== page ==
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Genesis of the “Emma Did It” Theory

(Recycled from October, 2009)

Those who choose to believe Lizzie BordenEmmaclearr-1 was innocent cite the various theories to be found in dozens of books on the case. From the villainous “Intruder” to the illegitimate son, Billy Borden, there is none more preposterous than the “Emma did it” theory.

That Lizzie’s older sister, knowltonvisiting in Fairhaven – a good 15 miles distant in horse and carriage days – committed the dastardly deed was never considered in the slightest by the Fall River police or District Attorney Hosea Knowlton. It was only many decades after the crimes and Lizzie’s acquittal that this theory took hold.  But how did it come about?  How did it start?  Was it Alfred Hitchcock’s teleplay, The Older Sister? Just when and from whom did this theory first appear in print or any other media?

I made a delightful discovery a couple years ago from my expanded readings of the Lizzie Borden-Franklin Roosevelt connection.  That connection has always intrigued me because had Lizzie lived six more years she might had taken tea with First Lady Eleanor Roosevelt, an invitation arranged by her cousin, Grace.  Imagine that.  Lizzie Borden in the White House.

I think it’s time to reveal the genesis of the “Emma did it” theory.  The source is none other than Lizzie’s own cousin’s husband, Chief political strategist and advisor, personal secretary to President Franklin D. Roosevelt – Louis McHenry Howe.

Louis McHenry Howe and President Franklin Roosevelt

Louis was, of course, married to Grace Hartley Howe. Grace was born November 9, 1874 in Fall River making her 14 Grace-cropyears younger than Lizzie. Grace’s maternal grandfather, Cook Borden, and Lizzie’s paternal grandfather, Abraham Borden, were brothers. Grace married Louis on May 6, 1899 at age 24. Louis had been a newspaper man and he surely had read about the murders, the legal proceedings and Lizzie’s ultimate acquittal.  After his marriage to Grace, there must have been discussions with his wife about her notorious relative.

On December 11, 1931, writer Fulton Oursler went to meet Franklin Roosevelt, thenNY Fulton Oursler Governor of New York,  at his home at 49 East 56th Street.  The meeting was a result of Oursler’s writing two recent articles for the influential Liberty Magazine, (of which he was about to become editor) one of which was entitled “Another Roosevelt in the White House?” It was a time when Governor Roosevelt was about to engage in the year long campaign for the presidency under the tireless guidance of his closest friend and chief political strategist, Louis Howe.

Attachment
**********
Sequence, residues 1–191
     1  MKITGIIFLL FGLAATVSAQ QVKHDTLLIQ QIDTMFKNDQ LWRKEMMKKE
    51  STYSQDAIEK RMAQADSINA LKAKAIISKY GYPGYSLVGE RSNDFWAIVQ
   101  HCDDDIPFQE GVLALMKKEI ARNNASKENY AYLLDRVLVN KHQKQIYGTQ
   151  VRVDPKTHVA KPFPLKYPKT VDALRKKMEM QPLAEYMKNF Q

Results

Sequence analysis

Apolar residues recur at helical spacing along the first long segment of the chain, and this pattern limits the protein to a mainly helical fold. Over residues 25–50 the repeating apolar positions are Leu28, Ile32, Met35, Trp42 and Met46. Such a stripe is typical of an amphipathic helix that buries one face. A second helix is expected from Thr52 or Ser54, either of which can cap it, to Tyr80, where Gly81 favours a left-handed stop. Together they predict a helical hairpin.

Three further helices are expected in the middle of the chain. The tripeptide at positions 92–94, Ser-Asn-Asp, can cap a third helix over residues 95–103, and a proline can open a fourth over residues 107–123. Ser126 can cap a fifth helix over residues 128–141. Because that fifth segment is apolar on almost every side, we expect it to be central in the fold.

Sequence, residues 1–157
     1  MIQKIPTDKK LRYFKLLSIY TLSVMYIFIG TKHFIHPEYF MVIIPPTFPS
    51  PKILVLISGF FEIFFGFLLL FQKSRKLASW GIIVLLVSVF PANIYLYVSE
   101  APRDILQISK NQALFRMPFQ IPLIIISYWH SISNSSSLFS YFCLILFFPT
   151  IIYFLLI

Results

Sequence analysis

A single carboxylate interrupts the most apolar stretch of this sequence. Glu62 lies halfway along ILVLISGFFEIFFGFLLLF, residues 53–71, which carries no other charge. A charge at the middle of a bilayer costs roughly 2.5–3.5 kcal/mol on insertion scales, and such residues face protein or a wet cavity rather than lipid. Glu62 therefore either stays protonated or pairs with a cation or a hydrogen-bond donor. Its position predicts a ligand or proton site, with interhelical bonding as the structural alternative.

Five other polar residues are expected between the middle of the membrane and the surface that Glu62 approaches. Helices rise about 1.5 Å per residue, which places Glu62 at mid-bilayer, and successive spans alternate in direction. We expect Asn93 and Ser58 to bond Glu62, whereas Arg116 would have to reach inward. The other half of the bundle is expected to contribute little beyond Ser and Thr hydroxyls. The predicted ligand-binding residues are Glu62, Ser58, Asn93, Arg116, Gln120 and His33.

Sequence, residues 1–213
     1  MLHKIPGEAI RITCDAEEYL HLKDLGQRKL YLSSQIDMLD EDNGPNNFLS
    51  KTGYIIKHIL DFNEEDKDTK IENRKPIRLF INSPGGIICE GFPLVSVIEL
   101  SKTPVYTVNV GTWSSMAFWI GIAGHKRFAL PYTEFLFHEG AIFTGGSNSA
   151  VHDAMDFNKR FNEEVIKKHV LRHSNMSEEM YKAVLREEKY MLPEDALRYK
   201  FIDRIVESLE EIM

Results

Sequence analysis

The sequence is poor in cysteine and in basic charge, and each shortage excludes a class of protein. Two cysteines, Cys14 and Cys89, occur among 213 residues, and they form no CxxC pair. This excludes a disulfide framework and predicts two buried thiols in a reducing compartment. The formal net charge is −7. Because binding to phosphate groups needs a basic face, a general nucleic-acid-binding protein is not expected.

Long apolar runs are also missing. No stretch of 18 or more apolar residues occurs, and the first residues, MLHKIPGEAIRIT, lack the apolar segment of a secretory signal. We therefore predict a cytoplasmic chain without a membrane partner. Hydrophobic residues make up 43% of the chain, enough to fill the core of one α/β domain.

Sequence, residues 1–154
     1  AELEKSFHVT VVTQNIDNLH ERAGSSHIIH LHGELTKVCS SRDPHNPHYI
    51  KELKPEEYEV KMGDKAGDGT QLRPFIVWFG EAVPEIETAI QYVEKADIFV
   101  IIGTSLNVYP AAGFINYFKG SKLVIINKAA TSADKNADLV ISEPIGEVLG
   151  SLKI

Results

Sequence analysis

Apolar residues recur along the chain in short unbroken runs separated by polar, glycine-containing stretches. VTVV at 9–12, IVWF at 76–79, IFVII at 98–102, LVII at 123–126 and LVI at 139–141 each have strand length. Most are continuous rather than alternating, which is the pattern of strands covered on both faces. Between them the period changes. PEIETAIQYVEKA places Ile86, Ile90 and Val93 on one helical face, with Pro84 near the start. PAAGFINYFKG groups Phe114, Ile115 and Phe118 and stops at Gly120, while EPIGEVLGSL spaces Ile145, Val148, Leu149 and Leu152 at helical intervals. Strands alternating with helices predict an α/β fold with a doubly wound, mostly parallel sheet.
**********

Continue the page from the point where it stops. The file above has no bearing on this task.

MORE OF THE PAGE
Upon Oursler’s  arrival he was greeted by Louis who was living in the Roosevelt home while his wife lived in Fall River.  The two men waited for FDR’s return from the dentist.  The conversation that took place – remarkable in and of itself –  can be read in the book shown below – an autobiography competed by his son, Fulton Oursler, Jr. :

Behold This Dreamer! Fulton Oursler, Little, Brown & Company, 1964, 1st Ed.

Click on images for larger view.

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Now, to any serious reader of the life of Louis Howe, one would know how he often played gags on people, toying with their head so to speak.  I can imagine Louis saying all this with a straight face but with an undetected twinkle in his eye that the very straight-laced and conservative Oursler would not recognize.

Here was a man (Louis) whose wife was named as a primary legatee in Lizzie’s Will just 4 years previous (but due to the six years of probating had not yet received her cash windfall).  Perhaps Louis had Lizzie on his mind because of the fact the first Probate accounting had just been held less than two months previous on October 31, 1931 in a Fall River court.   Or perhaps he was just full of glee knowing his man, Governor Roosevelt, was on the threshold of becoming “President Roosevelt”  in a year’s time, mainly due to his own efforts.

Whatever his reasons for saying what he said, Louis was a man who surely knew at least the basic facts of the case.   But he told this story and it stuck.  Not only did he tell it to Oursler but he repeated it to thatpearson prolific writer and librarian, Edmund Pearson at a subsequent luncheon arranged by Oursler.   Now Pearson, being an expert on the case, didn’t believe a word of it.  How he must have cringed over that bit about Emma being crazy and suffered from epileptic fits, and had been out of town in “Marion” but snuck back.  Either Louis had scant knowledge of the particulars or Oursler got that wrong, but oh, how Louis much have enjoyed that luncheon!  And Louis most certainly knew beforehand that Pearson had written that long essay on the Borden case in Studies in Murder, published in 1924.   Oh yeah, Louis knew what he was doing, all right.  I would love to have been at that luncheon – invisible and silent but taking in every word of the Messrs. Oursler, Pearson and Howe.

There’s a lot more misinformation in those quoted remarks of Louis attributed by Fulton Oursler – almost comical in its ridiculous assertions – as any scholar of the case will readily recognize. Could Louis, always the visionary and strategist,  have deliberately wanted to eradicate any thought that the cousin of the wife of the chief advisor to the future President of the United States was a murderer, and by so doing,  misdirect guilt to the sister?

Oh, Louis, you dishevled, asthmatic, chain-smoking, strategizing scamp, you.  Look what you’ve done.  Your contrived tale told nearly 80 years ago continues to surface and provide an outlandish alternative theory.

So there you have it, the source and genesis of the “Emma did it” theory first appearing in print.